NEW YORK — Hillary Clinton’s older feminist supporters have a message for young women who are not backing her candidacy: Shame on you.
Women were expected to help power Clinton to the Democratic nomination, but as she struggles to overcome a tough challenge from Senator Bernie Sanders, her support among them has been surprisingly shaky.
Young women, in particular, have been drawn to the septuagenarian socialist from Vermont, and the dynamic has disappointed feminists who dreamed of Clinton’s election as a capstone to the movement.
Two feminist icons of Clinton’s generation made their frustration known over the weekend, calling on young women who view Sanders as their candidate to essentially grow up and get with the program.
While introducing Clinton at a rally in New Hampshire on Saturday, Madeleine Albright, the first female secretary of state, talked about the importance of electing the first female president. In a dig at the “revolution” that Sanders often speaks of, she said that the first female commander in chief would be a true revolution. And she scolded any woman who felt otherwise.
“We can tell our story of how we climbed the ladder, and a lot of you younger women think it’s done. It’s not done,” Albright said of the broader fight for women’s equality. “There’s a special place in hell for women who don’t help each other!”
Clinton laughed, slowly clapped her hands, and took a large sip of her beverage.
In an attempt to explain Clinton’s struggles with female voters in New Hampshire, Albright said during an NBC interview Saturday that women could be judgmental toward one another and that they occasionally forgot how hard someone like Clinton had to work to get where she is.
Albright’s remarks were not the only instance of an older generation of feminists frowning on younger women who do not consider the potential election of Clinton a special moment.
Gloria Steinem, one of the most famous spokeswomen of the feminist movement, took the sentiment a step further Friday in an interview with talk show host Bill Maher. Explaining how women tend to become more active in politics as they become older, she suggested younger women were just backing Sanders so that they could meet young men.
“When you’re young, you’re thinking, ‘Where are the boys? The boys are with Bernie,’ ” Steinem said.
Realizing that this was potentially offensive, Maher recoiled. “Oh. Now if I said that, ‘They’re for Bernie because that’s where the boys are,’ you’d swat me.”
But Steinem laughed it off, replying, “How well do you know me?”
Many female supporters of Sanders’ took issue with the remarks on social media, and Steinem’s comments, along with those of Albright, could set off an intense debate within the feminist movement. For many older women, Clinton represents the final and best chance to send one of their own to the White House, while young women think that should not be a decisive factor.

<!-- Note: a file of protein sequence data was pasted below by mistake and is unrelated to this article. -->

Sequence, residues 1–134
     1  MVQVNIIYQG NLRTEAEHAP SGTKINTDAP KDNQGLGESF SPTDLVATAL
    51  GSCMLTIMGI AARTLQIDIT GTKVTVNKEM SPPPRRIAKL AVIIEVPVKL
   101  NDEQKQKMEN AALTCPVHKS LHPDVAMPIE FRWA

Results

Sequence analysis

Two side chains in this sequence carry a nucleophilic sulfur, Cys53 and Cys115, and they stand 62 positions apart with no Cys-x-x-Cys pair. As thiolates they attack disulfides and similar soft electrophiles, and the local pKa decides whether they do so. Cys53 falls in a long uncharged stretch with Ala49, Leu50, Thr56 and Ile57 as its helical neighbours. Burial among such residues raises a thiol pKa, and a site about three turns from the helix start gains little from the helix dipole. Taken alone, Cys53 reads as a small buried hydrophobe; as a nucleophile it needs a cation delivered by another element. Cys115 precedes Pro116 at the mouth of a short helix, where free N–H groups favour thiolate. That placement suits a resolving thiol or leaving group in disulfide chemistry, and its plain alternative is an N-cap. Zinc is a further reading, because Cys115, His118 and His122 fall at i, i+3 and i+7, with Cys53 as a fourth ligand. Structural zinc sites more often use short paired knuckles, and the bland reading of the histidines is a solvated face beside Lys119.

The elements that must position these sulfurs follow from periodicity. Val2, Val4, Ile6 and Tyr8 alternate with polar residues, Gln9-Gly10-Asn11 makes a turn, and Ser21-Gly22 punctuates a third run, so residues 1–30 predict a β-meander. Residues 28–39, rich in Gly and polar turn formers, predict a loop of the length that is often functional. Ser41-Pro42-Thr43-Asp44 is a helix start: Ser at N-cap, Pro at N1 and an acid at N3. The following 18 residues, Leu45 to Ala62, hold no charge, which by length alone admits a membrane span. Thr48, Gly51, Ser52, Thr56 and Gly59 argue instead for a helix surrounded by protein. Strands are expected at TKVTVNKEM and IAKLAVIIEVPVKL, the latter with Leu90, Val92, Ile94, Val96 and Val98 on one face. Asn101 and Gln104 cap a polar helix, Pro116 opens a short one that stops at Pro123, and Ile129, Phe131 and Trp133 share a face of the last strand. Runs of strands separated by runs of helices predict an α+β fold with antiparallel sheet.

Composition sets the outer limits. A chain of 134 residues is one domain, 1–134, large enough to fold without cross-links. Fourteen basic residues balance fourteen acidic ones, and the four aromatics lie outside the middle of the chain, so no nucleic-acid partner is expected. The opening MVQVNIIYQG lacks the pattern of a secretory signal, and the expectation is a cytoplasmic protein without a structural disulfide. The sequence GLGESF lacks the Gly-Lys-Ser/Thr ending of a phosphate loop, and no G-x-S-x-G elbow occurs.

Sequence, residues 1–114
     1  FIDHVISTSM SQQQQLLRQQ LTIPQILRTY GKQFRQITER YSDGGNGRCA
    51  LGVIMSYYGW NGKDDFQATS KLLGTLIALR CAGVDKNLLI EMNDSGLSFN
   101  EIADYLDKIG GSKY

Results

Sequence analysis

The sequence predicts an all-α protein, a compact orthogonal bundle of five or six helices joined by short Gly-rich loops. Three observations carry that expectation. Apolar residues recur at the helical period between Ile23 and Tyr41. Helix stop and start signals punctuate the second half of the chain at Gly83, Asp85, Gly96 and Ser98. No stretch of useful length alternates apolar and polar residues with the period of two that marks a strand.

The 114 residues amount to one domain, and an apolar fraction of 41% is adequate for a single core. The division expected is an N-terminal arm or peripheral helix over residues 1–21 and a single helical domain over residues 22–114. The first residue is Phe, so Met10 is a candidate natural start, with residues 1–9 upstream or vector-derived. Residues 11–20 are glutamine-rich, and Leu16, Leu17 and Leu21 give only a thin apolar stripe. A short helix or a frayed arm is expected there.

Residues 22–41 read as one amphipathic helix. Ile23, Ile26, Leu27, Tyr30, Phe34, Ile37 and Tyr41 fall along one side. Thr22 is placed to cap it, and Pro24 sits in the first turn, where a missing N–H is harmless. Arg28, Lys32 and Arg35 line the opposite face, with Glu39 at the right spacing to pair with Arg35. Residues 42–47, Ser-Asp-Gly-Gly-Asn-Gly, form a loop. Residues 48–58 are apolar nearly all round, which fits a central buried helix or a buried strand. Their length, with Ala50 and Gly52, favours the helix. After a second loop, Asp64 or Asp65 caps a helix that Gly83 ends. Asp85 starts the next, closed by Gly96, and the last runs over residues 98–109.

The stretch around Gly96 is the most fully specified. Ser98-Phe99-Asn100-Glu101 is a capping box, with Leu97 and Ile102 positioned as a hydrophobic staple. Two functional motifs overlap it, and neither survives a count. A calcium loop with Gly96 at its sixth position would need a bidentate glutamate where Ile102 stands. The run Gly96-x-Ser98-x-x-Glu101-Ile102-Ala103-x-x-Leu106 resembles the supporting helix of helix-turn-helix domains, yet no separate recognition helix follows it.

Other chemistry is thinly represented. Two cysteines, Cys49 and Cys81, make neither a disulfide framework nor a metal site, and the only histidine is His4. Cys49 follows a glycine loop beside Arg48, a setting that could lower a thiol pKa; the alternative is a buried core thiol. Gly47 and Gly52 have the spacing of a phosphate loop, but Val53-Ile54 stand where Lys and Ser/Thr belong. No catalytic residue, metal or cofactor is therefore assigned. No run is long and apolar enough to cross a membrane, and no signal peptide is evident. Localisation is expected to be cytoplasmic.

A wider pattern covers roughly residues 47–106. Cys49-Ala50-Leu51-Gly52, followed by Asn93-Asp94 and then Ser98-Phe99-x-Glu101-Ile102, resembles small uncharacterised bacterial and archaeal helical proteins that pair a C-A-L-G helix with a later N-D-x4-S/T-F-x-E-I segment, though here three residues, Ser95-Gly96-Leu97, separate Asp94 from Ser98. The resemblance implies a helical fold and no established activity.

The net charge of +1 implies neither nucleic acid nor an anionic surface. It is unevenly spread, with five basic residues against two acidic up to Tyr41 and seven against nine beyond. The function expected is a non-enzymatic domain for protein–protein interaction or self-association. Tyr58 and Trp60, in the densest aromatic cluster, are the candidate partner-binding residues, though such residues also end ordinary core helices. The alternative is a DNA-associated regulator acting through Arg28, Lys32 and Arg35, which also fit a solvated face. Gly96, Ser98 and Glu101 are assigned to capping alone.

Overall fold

With backlash growing, Steinem issued an apology for her comments Sunday morning.
“I misspoke on the Bill Maher show recently, and apologize for what’s been misinterpreted as implying young women aren’t serious in their politics,” she said in a post on Facebook. “Whether they gravitate to Bernie or Hillary, young women are activist and feminist in greater numbers than ever before.”
According to a USA Today/Rock the Vote poll, Democratic and independent women ages 18 to 34 prefer Sanders to Clinton, 50 percent to 31 percent.
In her 2008 campaign, Clinton played down the history-making nature of her candidacy. But this time, she brings it up regularly. The music at her rallies often rings of women’s empowerment, and she frequently discusses the meaning of being a grandmother.
During her debate with Sanders last week, she pushed back against his suggestion that she was “establishment” by reminding voters that her election would signal the end of a long road for women.
Clinton’s campaign has recruited young female celebrities like Lena Dunham, creator and star of the HBO show “Girls,” and singer Demi Lovato to build a following among millennial women.
Even young women who would like to see a female president elected someday do not necessarily want to base their vote on that single factor.
At a rally for Clinton in Iowa in late January, Jaimee and Matthew Warbasse brought their 7-month-old daughter to see the candidate who could become the first female president. Women’s rights were so important to them that they named their child Emmeline, after British suffragist Emmeline Pankhurst.
Still, Jaimee Warbasse said she was unsure that she would support Clinton, as she also found Sanders appealing.
“What pulls me to Hillary is that she’s a woman, and a strong woman at that,” she said. “But in the end it’s about who is going to beat the Republicans.”